2011 CFA Institute

Benchmarks as Limits to Arbitrage

Figure 3. Delegated Investment Management with a Fixed Benchmark: Rm Flattens the CAPM Relationship
Expected Return

Delegated Management Rm



1.0 Beta




Putting the Pieces Together

To summarize, the combination of irrational investor demand for high volatility and delegated investment management with fixed benchmarks and no leverage flattens the relationship between risk and return. Indeed, the empirical results suggest that, over the long haul, the riskreturn relationship has not merely been flattened but inverted. Yet sophisticated investors are, to a large extent, sidelined by their mandates to maximize active returns subject to benchmark tracking error. Unfortunately, conducting a direct test of our proposed mechanism is difficult. Instead, we have presented evidence that is consistent with it. We consider the process-of-elimination findings of Ang et al. (2009), who ruled out several potential explanations, to be supportive evidence. To our knowledge, the most direct evidence for our mechanism is provided in Brennan and Li (2008), following up on the framework of Brennan (1993), which we also used. Brennan and Li found evidence that beta with the idiosyncratic component of the S&P 500 should have a negative payoff, all else being equal, consistent with investment managers attempting to minimize tracking error by holding such stocks. Brennan and Li did not connect their results to the low-risk anomaly. Another testable prediction is that as benchmarking has increased, the low-risk anomaly should likewise have become more severe. In unreported results, we found that this prediction is
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directionally correct and, depending on the sample, marginally statistically significant. For example, for the top 500 capitalization stocks in the full CRSP sample (19312008), we found that the relative return of low-minus-high volatility may have increased by 1 or 2 bps a year. But this test is not a powerful one. Return data are quite noisy, partly because the preference for volatility has varied with time. For example, the internet bubble, which focused on high-volatility stocks, would have swamped the effect of benchmarks as a limit on arbitrage over that period. We hope that future research will develop more powerful tests of our proposed mechanism. From a practitioner perspective, the takeaway is that there is a solid investment thesis for low-volatility (and low-beta) strategies. If our explanation is valid, this thesis will be the case so long as fixed-benchmark contracts remain pervasive and the share of the market held by investment managers remains high. There is no reason to expect that the anomaly will go away any time soon.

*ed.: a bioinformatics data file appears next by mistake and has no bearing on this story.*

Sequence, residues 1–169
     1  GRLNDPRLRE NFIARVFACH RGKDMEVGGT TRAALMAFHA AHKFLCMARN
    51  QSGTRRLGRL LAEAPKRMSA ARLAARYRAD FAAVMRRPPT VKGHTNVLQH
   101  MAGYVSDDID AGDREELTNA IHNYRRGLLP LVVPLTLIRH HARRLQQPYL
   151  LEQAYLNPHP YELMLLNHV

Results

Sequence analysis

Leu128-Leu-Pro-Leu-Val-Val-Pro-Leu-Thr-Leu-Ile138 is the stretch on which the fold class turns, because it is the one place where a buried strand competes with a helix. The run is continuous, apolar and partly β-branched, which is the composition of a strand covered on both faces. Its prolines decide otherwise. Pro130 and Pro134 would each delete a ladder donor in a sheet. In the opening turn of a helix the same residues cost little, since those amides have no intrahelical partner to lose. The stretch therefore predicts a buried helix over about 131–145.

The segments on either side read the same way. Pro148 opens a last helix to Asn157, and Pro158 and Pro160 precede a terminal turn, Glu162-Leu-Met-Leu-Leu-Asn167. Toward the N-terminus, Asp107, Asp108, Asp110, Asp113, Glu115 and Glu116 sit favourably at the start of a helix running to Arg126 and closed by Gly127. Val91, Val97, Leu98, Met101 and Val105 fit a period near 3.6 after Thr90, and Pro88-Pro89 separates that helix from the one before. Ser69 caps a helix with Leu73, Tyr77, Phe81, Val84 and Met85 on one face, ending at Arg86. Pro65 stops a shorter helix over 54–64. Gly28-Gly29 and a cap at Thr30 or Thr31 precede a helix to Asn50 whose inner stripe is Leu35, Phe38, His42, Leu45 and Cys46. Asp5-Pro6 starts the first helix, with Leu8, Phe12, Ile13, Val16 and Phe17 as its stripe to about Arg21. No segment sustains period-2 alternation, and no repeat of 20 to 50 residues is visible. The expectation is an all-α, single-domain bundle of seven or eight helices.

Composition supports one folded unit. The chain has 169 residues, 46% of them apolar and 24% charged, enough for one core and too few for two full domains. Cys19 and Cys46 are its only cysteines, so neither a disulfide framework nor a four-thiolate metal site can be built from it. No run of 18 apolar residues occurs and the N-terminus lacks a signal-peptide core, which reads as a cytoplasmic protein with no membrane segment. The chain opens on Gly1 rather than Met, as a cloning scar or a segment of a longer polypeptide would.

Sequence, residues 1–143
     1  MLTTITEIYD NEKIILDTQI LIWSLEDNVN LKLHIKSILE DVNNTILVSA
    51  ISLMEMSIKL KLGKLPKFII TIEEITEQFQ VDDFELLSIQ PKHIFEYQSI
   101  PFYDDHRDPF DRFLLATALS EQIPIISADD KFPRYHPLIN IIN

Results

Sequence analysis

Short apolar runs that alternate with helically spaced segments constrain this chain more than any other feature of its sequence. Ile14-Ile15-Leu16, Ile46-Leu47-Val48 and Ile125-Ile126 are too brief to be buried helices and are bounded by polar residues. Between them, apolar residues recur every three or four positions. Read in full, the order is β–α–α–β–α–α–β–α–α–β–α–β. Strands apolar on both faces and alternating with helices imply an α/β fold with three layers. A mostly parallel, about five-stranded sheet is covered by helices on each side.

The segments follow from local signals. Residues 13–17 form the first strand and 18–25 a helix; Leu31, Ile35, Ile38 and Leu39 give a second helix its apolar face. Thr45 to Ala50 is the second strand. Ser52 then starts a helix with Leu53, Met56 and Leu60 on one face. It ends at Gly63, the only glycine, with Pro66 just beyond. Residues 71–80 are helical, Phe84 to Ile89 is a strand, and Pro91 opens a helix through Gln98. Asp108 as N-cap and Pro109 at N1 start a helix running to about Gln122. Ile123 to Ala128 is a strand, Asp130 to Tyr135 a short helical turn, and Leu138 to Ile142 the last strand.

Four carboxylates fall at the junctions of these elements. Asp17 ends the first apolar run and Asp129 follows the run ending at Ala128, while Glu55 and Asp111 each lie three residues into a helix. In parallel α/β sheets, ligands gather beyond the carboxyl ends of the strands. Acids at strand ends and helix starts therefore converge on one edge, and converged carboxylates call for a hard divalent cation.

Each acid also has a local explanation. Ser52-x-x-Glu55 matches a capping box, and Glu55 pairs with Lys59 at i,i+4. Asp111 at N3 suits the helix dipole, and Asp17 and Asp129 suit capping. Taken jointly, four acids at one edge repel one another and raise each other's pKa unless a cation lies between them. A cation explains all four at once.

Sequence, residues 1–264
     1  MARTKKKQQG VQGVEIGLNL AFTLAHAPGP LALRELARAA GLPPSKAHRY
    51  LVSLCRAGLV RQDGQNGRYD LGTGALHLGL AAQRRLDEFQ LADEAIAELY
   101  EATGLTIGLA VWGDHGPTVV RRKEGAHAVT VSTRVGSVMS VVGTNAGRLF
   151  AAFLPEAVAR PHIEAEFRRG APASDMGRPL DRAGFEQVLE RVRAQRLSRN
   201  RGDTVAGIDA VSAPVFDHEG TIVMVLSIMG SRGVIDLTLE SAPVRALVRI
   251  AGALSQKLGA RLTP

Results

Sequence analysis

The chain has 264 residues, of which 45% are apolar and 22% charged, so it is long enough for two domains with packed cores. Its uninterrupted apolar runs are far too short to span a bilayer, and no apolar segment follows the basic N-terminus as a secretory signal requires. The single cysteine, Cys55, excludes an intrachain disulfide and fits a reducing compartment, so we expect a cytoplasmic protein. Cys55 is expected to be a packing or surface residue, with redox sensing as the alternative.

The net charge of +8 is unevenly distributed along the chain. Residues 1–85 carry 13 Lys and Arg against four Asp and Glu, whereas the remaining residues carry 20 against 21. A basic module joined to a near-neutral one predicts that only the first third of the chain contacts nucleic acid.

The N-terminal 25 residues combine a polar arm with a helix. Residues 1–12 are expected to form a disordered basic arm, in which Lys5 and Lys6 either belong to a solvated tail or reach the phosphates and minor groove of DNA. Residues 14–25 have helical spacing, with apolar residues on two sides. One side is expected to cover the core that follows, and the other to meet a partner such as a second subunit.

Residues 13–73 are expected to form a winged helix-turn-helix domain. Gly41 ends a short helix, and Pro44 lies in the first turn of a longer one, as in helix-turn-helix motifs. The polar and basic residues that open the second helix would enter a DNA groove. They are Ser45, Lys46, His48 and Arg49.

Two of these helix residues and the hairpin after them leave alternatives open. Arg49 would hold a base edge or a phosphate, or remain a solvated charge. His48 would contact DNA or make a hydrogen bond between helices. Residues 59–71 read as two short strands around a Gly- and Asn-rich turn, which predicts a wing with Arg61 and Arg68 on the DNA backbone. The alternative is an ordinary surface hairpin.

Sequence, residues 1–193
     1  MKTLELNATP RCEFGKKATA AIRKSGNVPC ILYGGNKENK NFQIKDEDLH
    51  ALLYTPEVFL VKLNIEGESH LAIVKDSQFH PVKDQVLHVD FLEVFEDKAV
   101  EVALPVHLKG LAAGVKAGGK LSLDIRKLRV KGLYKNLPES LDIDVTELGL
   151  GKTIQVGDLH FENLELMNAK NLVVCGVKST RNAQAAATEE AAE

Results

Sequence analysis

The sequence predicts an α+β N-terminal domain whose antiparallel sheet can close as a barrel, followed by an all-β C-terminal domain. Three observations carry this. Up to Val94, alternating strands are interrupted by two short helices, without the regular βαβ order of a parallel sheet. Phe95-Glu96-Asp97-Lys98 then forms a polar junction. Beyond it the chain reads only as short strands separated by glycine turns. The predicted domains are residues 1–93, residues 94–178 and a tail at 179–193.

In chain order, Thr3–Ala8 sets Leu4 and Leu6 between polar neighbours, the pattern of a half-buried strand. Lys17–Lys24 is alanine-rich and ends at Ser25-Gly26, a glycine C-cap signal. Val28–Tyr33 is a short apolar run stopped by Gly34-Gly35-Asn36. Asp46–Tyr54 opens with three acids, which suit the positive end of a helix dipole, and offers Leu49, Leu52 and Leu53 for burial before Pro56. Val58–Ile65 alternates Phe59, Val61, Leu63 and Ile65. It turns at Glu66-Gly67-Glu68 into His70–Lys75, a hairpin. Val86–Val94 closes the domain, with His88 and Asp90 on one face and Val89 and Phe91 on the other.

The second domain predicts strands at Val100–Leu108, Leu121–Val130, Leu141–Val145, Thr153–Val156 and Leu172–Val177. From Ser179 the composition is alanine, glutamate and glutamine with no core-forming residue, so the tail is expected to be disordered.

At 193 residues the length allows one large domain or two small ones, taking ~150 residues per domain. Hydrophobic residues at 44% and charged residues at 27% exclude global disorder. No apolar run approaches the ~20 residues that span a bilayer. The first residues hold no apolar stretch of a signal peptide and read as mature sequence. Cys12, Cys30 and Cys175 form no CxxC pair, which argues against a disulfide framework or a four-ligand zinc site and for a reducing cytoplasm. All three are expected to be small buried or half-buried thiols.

Within vs. Across Mandates

There is an additional, more subtle prediction that we can test empirically. Investment managers with fixed benchmarks may not exploit mispricings when stocks of different risks have similar returns within a particular mandate. But risk and return are likely to line up across mandates if the ultimate


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investors are thoughtful about asset allocation for example, between intermediate and long-term bonds, between government and corporate bonds, between stocks and bonds, and between large-cap and small-cap stocks. Table 2 shows that the CAPM does indeed work, to some extent, across asset classes, in contrast to its long-term performance within the stock market. In other words, as the rises from 0.05 for intermediate-term government bonds to 1.07 for small-company stocks, average returns rise from 7.9 percent to 13.0 percent. A small CAPM anomaly in bonds still exists, whereby lower-risk asset classes appear to outperform their risk-adjusted benchmarks, which also suggests a possible impact from fixed benchmarks in tactical asset allocation. Although the returns on small-company stocks appear to be an exception, note that these returns are on lower-beta small stocks. Higher-beta small stocks have underperformed.

Searching for Lower Volatility

One last notable feature of both Figure 1 and Table 1 is compounding. The advantage of a low-risk portfolio versus a high-volatility portfolio is greater when displayed in compound returns than in average returns. The difference comes from the benefits of compounding a lower-volatility monthly series. Given the power of compounding lowvolatility returns and the outperformance of lowvolatility stocks, a natural question is whether we can do even better than the low-risk-quintile portfolios by taking further advantage of the benefits of diversification. Returns aside, we can do better if we have useful estimates of not only individual company volatility but also the correlations among stocks. A portfolio of two uncorrelated but slightly more individually volatile stocks can be Table 2.